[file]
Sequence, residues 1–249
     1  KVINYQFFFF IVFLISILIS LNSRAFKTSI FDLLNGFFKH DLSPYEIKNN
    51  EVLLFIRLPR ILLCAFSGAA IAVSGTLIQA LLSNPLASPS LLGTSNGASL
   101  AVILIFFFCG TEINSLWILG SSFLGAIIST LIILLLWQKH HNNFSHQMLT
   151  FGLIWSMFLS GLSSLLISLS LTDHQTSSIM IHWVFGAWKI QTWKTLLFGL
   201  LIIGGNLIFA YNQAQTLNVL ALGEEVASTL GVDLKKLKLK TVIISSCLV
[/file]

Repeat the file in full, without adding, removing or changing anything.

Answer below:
Sequence, residues 1–249
     1  KVINYQFFFF IVFLISILIS LNSRAFKTSI FDLLNGFFKH DLSPYEIKNN
    51  EVLLFIRLPR ILLCAFSGAA IAVSGTLIQA LLSNPLASPS LLGTSNGASL
   101  AVILIFFFCG TEINSLWILG SSFLGAIIST LIILLLWQKH HNNFSHQMLT
   151  FGLIWSMFLS GLSSLLISLS LTDHQTSSIM IHWVFGAWKI QTWKTLLFGL
   201  LIIGGNLIFA YNQAQTLNVL ALGEEVASTL GVDLKKLKLK TVIISSCLV